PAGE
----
Careful not to be pigeonholed as a photographer or a film-maker, Hetherington worked across different, mixed visual media. His interest lay in creating diverse forms of visual communication and his work ranged from multi-screen installations, to fly-poster exhibitions, to handheld device downloads. Known for his long-term documentary work, Tim lived and worked in west Africa for eight years, reporting on social and political issues worldwide.

As a film-maker, he worked as both a cameraman and as a director and producer. Liberia: An Uncivil War (2004), the first documentary he worked on – as an assistant producer and cameraman – was also his first experience of filming warfare. Surviving repeated firefights and close-quarter combat, Hetherington captured iconic images of the Liberian rebels fighting to overthrow then-President Charles Taylor. When a rebel commander threatened to execute a doctor tending to injured rebel soldiers, suspecting him of espionage, Hetherington put himself in front of the condemned man and pleaded for his life, physically grabbing the pistol from the incensed commander. On that occasion humanity prevailed, and the doctor's life was saved.

An assistant producer and cameraman on the BBC's Violent Coast series (2004), about west Africa, cameraman on The Devil Came On Horseback (2007), about attacks across the border with Chad by Sudanese militia, and a producer/director on Channel 4's Unreported World – Nigeria: Fire in the Delta (2006), he made his debut as director of a documentary feature film with Restrepo (2010) – a cinematic release made with his fellow director Sebastian Junger about a platoon of forward-deployed US soldiers over the course of a year in Afghanistan's isolated Korengal Valley.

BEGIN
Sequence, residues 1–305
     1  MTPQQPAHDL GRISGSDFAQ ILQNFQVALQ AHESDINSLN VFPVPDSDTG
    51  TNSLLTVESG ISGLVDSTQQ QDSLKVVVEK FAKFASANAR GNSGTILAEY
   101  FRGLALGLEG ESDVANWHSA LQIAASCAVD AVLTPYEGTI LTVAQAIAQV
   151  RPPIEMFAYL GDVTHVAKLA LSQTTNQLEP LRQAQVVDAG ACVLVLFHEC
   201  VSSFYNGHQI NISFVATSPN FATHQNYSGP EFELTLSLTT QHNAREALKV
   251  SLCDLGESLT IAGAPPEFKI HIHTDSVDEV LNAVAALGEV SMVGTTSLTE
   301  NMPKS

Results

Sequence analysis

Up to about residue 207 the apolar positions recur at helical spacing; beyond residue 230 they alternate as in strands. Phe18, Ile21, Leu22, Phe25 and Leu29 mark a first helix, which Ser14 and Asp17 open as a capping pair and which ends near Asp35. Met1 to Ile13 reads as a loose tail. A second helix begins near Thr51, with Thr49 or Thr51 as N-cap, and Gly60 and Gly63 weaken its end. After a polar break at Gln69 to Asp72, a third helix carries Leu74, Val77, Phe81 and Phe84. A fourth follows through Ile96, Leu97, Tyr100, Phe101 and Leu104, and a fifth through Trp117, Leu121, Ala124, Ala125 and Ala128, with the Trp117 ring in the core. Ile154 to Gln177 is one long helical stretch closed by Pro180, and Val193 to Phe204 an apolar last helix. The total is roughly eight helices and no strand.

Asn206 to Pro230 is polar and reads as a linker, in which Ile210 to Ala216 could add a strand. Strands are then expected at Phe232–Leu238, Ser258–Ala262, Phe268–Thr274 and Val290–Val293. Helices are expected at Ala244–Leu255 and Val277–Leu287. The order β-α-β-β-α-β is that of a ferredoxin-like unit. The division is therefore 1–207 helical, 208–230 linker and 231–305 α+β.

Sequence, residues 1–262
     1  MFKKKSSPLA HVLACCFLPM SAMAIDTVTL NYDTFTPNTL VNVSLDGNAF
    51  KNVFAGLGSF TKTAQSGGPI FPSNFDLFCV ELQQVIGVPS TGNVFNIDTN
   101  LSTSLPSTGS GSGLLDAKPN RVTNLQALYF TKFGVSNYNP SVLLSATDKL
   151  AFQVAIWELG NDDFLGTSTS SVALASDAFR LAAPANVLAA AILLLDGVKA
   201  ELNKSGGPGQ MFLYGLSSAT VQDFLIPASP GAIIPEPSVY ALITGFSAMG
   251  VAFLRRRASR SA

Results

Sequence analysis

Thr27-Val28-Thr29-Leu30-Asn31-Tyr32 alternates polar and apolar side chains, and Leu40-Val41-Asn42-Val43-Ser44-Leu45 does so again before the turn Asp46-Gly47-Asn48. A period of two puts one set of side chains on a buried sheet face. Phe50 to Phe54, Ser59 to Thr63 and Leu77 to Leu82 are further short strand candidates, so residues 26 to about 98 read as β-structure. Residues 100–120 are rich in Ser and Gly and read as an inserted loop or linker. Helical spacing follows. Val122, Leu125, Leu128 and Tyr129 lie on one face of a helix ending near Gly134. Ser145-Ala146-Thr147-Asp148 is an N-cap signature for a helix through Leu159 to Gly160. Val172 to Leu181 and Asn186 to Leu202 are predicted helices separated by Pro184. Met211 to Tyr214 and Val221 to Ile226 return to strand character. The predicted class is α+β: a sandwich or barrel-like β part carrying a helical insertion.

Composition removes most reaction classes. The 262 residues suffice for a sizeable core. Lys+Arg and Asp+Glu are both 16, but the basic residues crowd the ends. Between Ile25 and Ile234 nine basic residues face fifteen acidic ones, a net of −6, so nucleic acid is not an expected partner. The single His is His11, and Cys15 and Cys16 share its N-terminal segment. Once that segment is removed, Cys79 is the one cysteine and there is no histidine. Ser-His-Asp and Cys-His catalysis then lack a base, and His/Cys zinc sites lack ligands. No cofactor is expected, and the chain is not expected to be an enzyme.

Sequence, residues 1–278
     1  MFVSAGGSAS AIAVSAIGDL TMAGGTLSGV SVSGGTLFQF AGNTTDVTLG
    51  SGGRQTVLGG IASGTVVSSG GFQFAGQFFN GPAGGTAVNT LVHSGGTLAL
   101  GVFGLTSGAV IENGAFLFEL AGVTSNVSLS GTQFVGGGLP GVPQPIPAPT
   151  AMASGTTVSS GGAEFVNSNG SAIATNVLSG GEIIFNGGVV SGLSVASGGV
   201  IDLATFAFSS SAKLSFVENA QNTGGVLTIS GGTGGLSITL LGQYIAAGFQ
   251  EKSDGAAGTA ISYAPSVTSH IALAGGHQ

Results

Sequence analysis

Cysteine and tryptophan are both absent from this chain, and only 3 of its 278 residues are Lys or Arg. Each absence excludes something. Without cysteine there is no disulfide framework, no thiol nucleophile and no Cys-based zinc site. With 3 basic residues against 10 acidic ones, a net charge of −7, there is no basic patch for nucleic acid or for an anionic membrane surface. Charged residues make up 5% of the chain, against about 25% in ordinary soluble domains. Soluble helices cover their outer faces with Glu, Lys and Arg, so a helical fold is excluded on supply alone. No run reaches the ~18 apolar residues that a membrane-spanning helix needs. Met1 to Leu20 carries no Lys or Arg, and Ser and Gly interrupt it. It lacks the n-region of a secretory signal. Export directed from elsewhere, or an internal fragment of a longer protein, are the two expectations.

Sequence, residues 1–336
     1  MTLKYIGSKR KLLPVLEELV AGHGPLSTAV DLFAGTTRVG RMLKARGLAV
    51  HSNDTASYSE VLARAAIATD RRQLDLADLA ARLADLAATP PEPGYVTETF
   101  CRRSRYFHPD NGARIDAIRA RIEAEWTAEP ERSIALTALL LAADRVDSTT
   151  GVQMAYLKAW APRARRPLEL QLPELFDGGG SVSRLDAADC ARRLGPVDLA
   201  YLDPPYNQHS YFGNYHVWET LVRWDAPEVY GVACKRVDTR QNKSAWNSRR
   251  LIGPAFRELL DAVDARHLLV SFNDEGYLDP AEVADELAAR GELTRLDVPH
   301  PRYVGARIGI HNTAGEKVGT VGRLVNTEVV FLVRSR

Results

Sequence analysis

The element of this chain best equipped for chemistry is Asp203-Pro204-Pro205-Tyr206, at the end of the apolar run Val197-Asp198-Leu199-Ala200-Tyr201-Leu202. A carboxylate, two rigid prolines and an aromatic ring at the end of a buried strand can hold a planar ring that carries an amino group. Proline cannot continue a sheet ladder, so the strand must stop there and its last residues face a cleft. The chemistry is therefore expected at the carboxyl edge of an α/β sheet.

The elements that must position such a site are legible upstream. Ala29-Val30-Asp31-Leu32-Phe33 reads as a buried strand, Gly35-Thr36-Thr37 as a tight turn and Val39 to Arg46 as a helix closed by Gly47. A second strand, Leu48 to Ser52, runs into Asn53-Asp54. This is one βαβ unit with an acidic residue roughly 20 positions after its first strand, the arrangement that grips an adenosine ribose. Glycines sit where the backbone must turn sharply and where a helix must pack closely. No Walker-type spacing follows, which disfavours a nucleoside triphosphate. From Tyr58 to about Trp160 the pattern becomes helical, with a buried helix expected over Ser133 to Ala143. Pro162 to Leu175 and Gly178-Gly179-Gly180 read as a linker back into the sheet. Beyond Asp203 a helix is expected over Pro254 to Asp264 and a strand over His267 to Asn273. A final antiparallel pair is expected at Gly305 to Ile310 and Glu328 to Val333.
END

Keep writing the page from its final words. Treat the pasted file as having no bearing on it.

At times almost constantly in combat, and deeply affected by his time in Afghanistan, Hetherington said of his experience there: "When I'm filming, I'm very focused … You don't really have time to start examining your emotions when you're in the middle of this kind of situation. You kind of push them to a deeper place in your mind and examine them later. But war is traumatic. I've seen a lot of traumatic things happen in the Korengal Valley when we were there … I was with people who got killed and that was a very sad and upsetting thing to go through."